CHAMPION GATE IN OSAKA
MARCH 5, 2022
EDION ARENA OSAKA #2 – OSAKA, JAPAN
Watch: Dragon Gate Network
OPEN THE BRAVE GATE CHAMPIONSHIP MATCH
DRAGON DIA (c) DEF. TAKUMA FUJIWARA
With this victory, Dragon Dia has made his first successful defense of the Open the Brave Gate Championship.
Unless you’re a hardcore Dragongate fan, there’s a good chance the name Takuma Fujiwara still doesn’t ring a bell with you. The Iwate-born rookie debuted on November 27 of last year, meaning that it only took him 98 days to earn a title shot for one of Dragongate’s premier belts on a premier Dragongate weekend. Fujiwara is a name, whether you’re new to the promotion entirely, or just new to him given how little he’s actually wrestled, that you’re going to need to remember immediately, because from here on out, you won’t be able to shake Takuma Fujiwara.
Out of the six Dragongate rookies that debuted in 2021, Fujiwara has blown past the supernova Iihashi Brothers and initial leader of the pack, 29-year-old judo specialist Shoya Sato. Fujiwara debuted with an unassuming contest against Kagetora. At no point did he look in over his head by following the basic young boy structure you’d expect from a kid in his first match, but on that night, even fellow rookie kickboxer Ryu Fuda seemed to outshine him.
That was the last night that Fujiwara didn’t steal the show.
As the company moved into a hectic December, eyes continued to turn towards Fujiwara. Then only 19-years-old, he began showing the combination of grace and athleticism that you would expect from a main eventer in Dragongate. In the same way that SB KENTo immediately carried himself like a future world champion when he first stepped between those ropes, Fujiwara began wrestling like a future world champion mere matches into his career. At every tour stop along the way, he’s added little moves to up his game in an effort to get him closer to victory.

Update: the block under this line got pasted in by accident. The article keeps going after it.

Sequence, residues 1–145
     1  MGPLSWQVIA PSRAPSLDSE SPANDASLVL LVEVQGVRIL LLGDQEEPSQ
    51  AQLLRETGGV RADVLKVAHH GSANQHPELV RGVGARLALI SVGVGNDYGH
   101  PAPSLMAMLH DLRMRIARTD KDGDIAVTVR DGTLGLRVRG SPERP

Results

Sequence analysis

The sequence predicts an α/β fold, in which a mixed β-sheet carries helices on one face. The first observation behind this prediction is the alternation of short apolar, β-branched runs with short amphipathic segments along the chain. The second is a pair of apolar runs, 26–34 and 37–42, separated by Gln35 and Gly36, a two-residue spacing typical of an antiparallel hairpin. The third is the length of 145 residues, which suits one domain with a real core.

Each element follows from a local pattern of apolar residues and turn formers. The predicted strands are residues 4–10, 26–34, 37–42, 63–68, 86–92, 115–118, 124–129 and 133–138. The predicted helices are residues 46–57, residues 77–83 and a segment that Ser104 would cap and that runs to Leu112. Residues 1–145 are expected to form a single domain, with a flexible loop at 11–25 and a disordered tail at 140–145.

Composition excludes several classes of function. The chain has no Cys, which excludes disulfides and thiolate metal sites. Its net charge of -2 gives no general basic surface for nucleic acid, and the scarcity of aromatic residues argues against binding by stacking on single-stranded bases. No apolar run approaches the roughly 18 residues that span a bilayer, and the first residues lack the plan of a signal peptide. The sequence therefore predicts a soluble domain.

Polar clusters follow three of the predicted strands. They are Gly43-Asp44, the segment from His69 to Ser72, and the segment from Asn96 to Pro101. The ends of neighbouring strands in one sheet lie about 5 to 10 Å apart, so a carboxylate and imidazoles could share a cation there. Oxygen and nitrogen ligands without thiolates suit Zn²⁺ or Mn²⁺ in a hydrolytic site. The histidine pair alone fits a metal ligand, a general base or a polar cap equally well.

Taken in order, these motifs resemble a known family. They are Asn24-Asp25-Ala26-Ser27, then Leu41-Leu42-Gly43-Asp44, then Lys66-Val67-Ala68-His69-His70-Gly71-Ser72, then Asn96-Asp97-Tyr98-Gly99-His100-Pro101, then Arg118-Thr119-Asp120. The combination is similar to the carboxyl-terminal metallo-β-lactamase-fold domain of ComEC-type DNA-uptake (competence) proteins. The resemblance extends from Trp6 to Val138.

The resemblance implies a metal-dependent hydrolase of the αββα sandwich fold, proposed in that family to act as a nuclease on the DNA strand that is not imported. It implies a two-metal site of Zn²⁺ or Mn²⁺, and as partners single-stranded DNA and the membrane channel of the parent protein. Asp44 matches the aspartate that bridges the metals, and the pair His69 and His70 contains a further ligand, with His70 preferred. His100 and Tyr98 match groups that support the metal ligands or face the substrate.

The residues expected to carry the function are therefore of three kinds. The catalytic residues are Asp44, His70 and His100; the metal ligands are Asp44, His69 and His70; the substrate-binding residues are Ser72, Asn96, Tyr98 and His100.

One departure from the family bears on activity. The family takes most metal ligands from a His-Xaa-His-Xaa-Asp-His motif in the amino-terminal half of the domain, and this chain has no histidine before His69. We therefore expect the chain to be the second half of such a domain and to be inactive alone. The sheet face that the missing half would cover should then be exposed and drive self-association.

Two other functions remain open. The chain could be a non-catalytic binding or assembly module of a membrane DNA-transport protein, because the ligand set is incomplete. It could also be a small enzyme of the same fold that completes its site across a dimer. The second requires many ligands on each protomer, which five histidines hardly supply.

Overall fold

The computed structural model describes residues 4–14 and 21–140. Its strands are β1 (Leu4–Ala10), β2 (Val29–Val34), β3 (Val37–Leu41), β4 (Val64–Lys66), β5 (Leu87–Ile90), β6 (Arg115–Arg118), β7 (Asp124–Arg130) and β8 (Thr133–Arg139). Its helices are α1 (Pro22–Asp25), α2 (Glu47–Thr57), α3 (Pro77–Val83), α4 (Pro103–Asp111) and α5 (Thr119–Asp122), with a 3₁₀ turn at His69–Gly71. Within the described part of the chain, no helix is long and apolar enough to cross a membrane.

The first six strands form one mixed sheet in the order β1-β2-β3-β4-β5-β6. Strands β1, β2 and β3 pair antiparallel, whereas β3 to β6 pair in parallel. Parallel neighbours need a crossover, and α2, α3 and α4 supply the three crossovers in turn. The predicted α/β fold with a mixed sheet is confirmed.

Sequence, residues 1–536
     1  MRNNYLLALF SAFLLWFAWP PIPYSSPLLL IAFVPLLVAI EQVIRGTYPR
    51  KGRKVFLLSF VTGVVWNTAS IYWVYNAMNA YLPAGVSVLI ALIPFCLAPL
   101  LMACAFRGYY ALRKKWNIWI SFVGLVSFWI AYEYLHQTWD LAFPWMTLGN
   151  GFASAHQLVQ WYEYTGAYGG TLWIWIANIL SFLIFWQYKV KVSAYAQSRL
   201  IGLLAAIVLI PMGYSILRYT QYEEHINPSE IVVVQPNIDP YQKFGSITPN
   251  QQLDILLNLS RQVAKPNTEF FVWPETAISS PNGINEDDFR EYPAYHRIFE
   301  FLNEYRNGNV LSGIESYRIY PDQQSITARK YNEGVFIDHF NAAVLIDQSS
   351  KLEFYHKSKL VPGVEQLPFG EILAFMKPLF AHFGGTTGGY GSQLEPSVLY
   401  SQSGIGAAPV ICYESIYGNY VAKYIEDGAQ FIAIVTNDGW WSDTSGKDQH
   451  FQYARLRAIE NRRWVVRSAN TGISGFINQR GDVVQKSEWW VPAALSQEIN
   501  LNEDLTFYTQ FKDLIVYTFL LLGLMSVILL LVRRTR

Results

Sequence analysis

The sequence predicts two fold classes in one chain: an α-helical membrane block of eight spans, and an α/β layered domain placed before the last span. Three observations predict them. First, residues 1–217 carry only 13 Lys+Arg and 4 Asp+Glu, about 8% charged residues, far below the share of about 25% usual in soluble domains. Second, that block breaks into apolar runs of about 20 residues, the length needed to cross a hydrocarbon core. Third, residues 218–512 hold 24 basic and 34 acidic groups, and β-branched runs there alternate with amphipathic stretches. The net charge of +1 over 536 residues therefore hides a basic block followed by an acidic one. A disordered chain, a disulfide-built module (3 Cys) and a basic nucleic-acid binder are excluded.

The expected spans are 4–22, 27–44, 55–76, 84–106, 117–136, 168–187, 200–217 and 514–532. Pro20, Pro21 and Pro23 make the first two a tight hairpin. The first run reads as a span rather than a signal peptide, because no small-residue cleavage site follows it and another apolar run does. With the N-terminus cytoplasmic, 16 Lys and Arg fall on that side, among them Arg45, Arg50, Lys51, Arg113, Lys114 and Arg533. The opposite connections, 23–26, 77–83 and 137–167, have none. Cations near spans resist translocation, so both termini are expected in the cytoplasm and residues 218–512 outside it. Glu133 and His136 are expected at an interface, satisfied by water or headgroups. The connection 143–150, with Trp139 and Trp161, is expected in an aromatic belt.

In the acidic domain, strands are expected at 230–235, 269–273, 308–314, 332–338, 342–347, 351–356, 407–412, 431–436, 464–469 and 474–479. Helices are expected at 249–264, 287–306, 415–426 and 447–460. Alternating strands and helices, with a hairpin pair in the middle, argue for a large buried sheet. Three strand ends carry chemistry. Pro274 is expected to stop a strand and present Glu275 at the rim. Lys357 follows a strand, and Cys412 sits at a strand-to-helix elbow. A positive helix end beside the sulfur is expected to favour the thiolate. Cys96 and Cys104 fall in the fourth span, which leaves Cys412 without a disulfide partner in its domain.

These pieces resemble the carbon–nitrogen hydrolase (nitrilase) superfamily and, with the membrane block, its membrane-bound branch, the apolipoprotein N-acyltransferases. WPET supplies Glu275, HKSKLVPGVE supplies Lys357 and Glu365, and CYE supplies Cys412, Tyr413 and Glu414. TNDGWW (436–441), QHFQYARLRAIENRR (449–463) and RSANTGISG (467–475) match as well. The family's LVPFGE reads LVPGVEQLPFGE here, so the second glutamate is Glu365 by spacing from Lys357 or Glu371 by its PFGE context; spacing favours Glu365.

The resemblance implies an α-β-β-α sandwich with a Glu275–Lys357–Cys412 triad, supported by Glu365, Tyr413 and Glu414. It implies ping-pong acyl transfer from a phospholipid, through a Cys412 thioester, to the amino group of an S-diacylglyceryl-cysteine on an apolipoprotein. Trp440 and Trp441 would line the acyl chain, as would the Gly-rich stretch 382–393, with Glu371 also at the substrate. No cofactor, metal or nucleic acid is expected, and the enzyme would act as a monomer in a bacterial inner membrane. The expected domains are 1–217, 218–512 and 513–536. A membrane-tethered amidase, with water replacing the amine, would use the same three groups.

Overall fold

He celebrated his 20th birth month by being put in a five-way #1 Contendership Match with the rest of rookies that fit the weight requirements to hold the Brave Gate belt, a match that he won rather easily. This gave him the path to challenge Dragon Dia in the true semi-main event of this show, even if it kicked off the weekend.
After this match, we must look at Fujiwara in the same light as Jun Akiyama, Kurt Angle, and Owen Hart when it comes to wrestlers that became genuinely great as soon as they did.
Depending on where you fall into fandom, that’s probably a triggering line as it threatens the notion that a wrestler you liked as a kid is now being compared to a 20-year-old Japanese wrestler that you might not be familiar with. I don’t know what the next step of Fujiwara’s career will be. Remember, the kid doesn’t even have official entrance music yet. He’s been using the same song that the rest of his FUTURE class contemporaries have been using. He could flame out and be working the dark match on this show next year. Do I think that’s likely? No. But I’ll gladly walk you through that comforting path of acceptance in an effort to help you understand that right now, at this moment, we have definitive proof that at only 20-years-old and 98 days as a pro, Takuma Fujiwara is legitimately great.
His Brave Gate challenge against Dragon Dia was everything you’d want it to be. Outside of an awkward, aborted back body drop that was corrected moments later, the interactions between these two were flawless. In all of his matches, Fujiwara creates momentum by landing his slingshot double stomp, which he now follows up with a lionsault. The story was the same in this match. After selling his ass off for the first third of the match, he hit what is quickly becoming his signature combination and began rolling through big moves in an effort to capture his second ever win and his first ever title.